By then I'd moved on|to applied pharmacology.
So Hitler took a bank loan?
You don't get a diploma|when you leave that place.
The psychiatric hospital doors|close and reality takes over.
This is for you.
Isn't it nice to be back home?
So he goes to the bank|and asks for a loan.
Victor's like that, so sophistcated.
And they lend him lots of money.
Then they look at the signature|and it says Adolf Hitler.
So they bring him in, totally|crazy.
Hello Paul! Having a coffee?
I don't think so.
I'll come with you.
Do you think Jesus was mentally|ill?
No, but I know he'd be put|in an asylum if he came now.
- Where are you going?|- To see the President.
Don't be so stupid.
Could I see the President?
What do you want to see him|for?
I need to talk to him.
And your name?
And what do you do, Oli?
I'm a songwriter.
Who is that?
His name is Oli and he says|he writes songs.
Invite him in.
It's not every day|you meet a songwriter.
Welcome, Oli. Please come inside.
So, you cannot see yourself|doing
anything else than
writing pop songs
in telepathic form?
No, and that's exactly why|that I came to see you.
I've often thought,|when you leave office,
whether I couldn't become the|President.
Well, I think you would make|a splendid president.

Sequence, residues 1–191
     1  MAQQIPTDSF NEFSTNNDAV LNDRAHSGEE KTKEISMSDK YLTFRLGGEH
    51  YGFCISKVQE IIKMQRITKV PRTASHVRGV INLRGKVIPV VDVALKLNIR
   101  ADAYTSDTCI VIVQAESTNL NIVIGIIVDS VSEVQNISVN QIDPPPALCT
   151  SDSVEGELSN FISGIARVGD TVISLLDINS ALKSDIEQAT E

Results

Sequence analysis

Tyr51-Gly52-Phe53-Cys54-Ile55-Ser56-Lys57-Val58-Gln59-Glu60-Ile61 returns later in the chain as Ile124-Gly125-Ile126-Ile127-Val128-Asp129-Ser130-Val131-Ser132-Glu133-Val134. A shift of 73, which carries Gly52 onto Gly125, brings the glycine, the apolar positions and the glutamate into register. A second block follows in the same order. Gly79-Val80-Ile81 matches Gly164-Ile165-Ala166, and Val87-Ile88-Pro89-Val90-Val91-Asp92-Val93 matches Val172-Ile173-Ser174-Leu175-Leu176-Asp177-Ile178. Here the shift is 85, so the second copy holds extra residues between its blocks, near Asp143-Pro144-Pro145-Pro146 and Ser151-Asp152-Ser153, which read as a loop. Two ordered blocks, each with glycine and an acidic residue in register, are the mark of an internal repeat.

Since I'll be the next President,|can't I take the car in advance?
I suppose so.
I'll stop taking that medication.
It's incredible what|a recovery he's made.
He's stopping taking medication.
You see what they do to people.
Making ourselves comfortable,|are we?
It's just like being in Mallorca.
You're looking in good shape|these days.
I could swim the seven seas.
But don't you want to get a job?
- I'm thinking of writing a book.|- You write a book?
I could just imagine Halldor Laxness
sitting in his garden reading|a porno magazine.
Laxness. Who's that?
I need some money.
You're not getting a cent.
I'm not getting what?
Didn't you hear what I said?
You've got no use for money.|What would you do with money?
I'm going away.
You've got no use for money.
If you don't give me some money,|I'll kill you.
Come on, that's enough. I'll call|the police to come and get you.
- You're not calling anyone.|- Start behaving civilized then.
You get free board and lodging,|but you
can't have money when you|feel like it.
I can't what...?
- Let me have some money!|- How much do you need?
How much have you got?
You coming along?
- Where to?|- America.
What am I supposed to do there?
You could hold the radio.
Leave that alone!
I hope you can eat this, Paul.
What have you done to him?
Done to him, what do you mean?
He's on so much medication|he can hardly speak.
It's Easter and a lot of the staff|are on holiday.
We have to keep the patients|sedated or we wouldn't
be able to get on with our work.
I've come to fetch the genius.
Hello, Rognvald.
I decided to visit you. They|are
letting me take you for a drive.
What's it like in there?
It's okay.
Just like any other job,
except that you're|not allowed to go on strike.
So you did it, you're a dentist.
But I wish you'd been|a psychiatrist instead.
You do?
I think you might have been|able to cure me.